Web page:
Sunday, September 22, 2013

What We Saw in Busan

We took a trip to Busan. It's a coastal city to the south of us here in Korea.

It seems like most days feel like an adventure in Korea. Everything is new. Everything is 10xs harder than they would normally be. So this trip seemed a bit overwhelming (to say the least), being that we'd be traveling across Korea with only a handful of Korean words/phrases.

But we left with our backpacks, money, on-line bus confirmation, directions on how to use the subway, motel confirmation, and swimsuits. "We're on an enchanted journey 1, 2, 3..."

We took the 823 bus headed for (we hoped!) the downtown bus terminal. An older woman got on, I gave her my seat. I asked, "Shilay homnida (excuse me)." She looked surprised. I pointed at my map of where the bus terminal was located. She pointed ahead to where we were driving and then pointed at herself. I took this to mean: "We haven't passed it yet. It's still ahead. That's where I'm getting off too." Twenty minutes later, she stood up, looked back at me, and motioned for me to get off. Sigh of relief.

We get off and look at our notes. A kind Korean woman with excellent English says, "Do you need help?" Why yes, yes we ALWAYS need help. She translated some info for us and directed us across the street to the express bus terminal. Oh, of course! So sweet.

We got inside and got our tickets. It's only been an hour. We're tired and hungry. 

We got us some bi bim bop at the bus station. In Korean.

No warnings. No announcements. Gratefully, we were there on time and we made our bus. We finally got a look at Cheongju from afar. It felt good to see something green.

We watched a movie. Stopped at a rest stop. Four hours later, the bus stopped and people got off. Apparently, we were in downtown Busan (though we could've been somewhere else and we wouldn't have known...) and we wanted to get to the ocean where we'd be staying. We had directions to get on the subway and take three different transfers. We tried to navigate the automated ticket station and probably annoyed the long line behind us, but we got tickets!

Then, we figured out the map. Easy, right?

Ahhh, sweet success!

We got off the subway at Haeundae station and found our hotel. Yay! We felt like such grown-ups. We   strolled around the area, found the beach, and went after food. But not any food, Mexican food! And we found it: Fuzzy Navel Tacos. And what did I order? French fries. But they were covered in cheese, so the meal still accomplished exactly what I wanted out of Mexican food anyway.

With a side of pickles? Okay.

I kind of liked it. 
On our first day, we went on a walking adventure to the beach and up Dalmaji hill. I heard there was a trail that gave the illusion that you were out of the city. Perfect. We walked along the beach to the eastern most point and eventually found the trail that followed the coast. It's called Moontan Trail and is said to be the best place in Busan to see the moon over the water. 

Jeremy is convinced that Koreans just "don't have enough faith in their trees."
It is incredibly common to see a tree with many supports.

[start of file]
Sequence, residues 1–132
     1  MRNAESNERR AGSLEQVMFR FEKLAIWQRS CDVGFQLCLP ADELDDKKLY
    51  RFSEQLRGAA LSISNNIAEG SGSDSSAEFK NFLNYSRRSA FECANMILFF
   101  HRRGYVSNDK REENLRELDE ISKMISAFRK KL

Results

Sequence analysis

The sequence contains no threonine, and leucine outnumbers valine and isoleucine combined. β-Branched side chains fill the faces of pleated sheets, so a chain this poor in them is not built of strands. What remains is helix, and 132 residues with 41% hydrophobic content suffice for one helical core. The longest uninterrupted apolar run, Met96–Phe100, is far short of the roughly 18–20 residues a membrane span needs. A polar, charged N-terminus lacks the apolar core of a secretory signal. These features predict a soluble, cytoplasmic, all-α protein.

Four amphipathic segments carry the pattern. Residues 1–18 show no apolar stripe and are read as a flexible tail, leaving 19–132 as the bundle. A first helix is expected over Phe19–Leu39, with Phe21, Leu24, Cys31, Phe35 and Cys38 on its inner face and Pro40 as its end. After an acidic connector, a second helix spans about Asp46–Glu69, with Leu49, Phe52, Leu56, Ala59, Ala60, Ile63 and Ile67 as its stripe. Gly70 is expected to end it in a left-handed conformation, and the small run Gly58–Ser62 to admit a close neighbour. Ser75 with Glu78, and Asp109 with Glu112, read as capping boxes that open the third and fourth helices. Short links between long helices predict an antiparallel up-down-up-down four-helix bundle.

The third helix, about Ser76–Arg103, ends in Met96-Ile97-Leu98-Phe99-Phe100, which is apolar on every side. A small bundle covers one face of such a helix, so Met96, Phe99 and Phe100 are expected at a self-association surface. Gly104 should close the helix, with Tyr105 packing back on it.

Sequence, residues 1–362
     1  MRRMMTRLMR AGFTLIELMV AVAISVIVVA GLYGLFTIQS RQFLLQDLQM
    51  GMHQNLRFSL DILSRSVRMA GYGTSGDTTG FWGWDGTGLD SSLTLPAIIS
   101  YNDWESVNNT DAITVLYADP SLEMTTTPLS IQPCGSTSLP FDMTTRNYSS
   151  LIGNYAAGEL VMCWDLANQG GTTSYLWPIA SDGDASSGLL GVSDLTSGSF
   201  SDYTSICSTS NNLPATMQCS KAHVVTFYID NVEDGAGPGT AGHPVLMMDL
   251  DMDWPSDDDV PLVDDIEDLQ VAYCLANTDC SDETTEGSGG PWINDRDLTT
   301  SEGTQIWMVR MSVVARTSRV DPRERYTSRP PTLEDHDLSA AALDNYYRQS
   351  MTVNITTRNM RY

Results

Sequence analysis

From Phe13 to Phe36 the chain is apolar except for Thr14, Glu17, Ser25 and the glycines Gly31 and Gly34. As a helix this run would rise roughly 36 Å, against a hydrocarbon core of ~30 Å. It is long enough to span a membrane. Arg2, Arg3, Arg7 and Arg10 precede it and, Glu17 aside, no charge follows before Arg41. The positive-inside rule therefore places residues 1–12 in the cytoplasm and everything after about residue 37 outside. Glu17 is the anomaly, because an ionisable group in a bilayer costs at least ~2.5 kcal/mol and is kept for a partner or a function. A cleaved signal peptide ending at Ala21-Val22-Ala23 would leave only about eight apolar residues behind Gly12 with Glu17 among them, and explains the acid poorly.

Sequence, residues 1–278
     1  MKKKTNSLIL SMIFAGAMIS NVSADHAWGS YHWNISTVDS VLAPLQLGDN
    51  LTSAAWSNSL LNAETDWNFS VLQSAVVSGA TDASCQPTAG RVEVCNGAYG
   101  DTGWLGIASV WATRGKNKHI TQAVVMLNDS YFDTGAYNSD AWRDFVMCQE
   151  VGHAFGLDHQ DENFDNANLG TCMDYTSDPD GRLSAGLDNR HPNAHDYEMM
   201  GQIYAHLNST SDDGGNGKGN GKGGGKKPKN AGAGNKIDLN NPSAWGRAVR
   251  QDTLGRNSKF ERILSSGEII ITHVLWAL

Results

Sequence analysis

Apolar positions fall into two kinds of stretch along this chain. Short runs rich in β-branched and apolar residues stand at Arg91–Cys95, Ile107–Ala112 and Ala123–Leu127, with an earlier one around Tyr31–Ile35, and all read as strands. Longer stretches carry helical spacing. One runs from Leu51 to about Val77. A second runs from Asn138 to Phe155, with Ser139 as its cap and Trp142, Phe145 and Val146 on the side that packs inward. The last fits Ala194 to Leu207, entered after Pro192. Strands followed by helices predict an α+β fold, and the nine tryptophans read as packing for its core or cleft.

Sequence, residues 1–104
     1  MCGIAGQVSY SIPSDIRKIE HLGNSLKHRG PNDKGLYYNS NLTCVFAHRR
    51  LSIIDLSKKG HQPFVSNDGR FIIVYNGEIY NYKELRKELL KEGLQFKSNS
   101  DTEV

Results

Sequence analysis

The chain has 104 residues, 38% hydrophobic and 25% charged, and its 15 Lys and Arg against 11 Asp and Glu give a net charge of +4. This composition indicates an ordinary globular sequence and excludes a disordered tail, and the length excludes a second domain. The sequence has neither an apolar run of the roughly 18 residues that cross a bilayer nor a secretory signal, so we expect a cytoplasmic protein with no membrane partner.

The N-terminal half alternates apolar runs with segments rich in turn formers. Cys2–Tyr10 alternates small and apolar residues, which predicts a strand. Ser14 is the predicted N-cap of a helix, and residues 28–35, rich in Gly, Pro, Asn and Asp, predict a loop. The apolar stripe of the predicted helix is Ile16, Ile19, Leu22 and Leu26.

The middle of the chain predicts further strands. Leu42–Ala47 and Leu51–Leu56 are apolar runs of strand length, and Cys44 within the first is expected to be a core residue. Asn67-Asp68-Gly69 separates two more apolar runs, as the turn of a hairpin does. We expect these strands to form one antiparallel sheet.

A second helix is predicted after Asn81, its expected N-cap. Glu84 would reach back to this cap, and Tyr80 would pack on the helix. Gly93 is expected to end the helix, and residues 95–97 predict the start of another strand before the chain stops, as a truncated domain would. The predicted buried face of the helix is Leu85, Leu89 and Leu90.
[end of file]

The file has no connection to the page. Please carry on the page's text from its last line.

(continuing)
Nature! Green things!
Then, we got kind-sorta lost once we came out on the other side and we've noticed how influential hunger is in making most of our decisions. So we got a taxi back to the beach and found the next leg of our food tour which was: Indian food! It was this sweet little place called Namaste. Vegetable korma was the perfect ending to a lovely day.

The next day, we met up with some Korean friends and other EPIK teachers we knew from our first week of orientation. We met up for duk-albi which is basically spicy chicken in a red sauce sauteed (right in front of you) with cabbage and other veggies. It was pretty good. I was mostly thrilled to be eating Korean food that didn't have eel in it. 

It's obvious that we really loved the bibs!

After lunch, we went to the beach. That's right, the beach. In Korea. It kinda blew our minds. We felt like grown-ups again. Look at us go.

We tried to get a picture. The ocean kept winning.

Then, WE won!
This was quite a memorable trip for many reasons:
-planning an entire trip (with help) using Korean websites
-successfully traveling and arriving safely
-feeling quite proud of ourselves for not being some of the many Western tourists
-walking the Moontan trail
-eating good food
-feeling like grown-ups

And... (as we both decided) our favorite part of the whole trip was:
-chilling on the beach

I think it was the best part for me because I was in a public space and felt like I could actually relax. I could lay on my towel, soak up the sun, listen to music, and take it all in. No agenda. No where to be. Just sitting on a beach in Korea, counting our blessings one-by-one. 

We made it "home" to Cheongju without any problems. We even met two Korean men on the bus who we pseudo-communicated with. At one point they either stole or borrowed my headphones. They gave the head phones back only so that we could listen to their Korean music on their phone. We smiled and kinda shoulder-danced in approval. I pulled out our iPad. 

They said, "Samsung?" 
We explained: Apple. 
They turned up their noses and we turned up ours. 

I showed them how to play this ridiculous game on our iPad called "Dumb Ways to Die." They chuckled. I chuckled. 

They used our iPad to get a picture of themselves. 

Day made.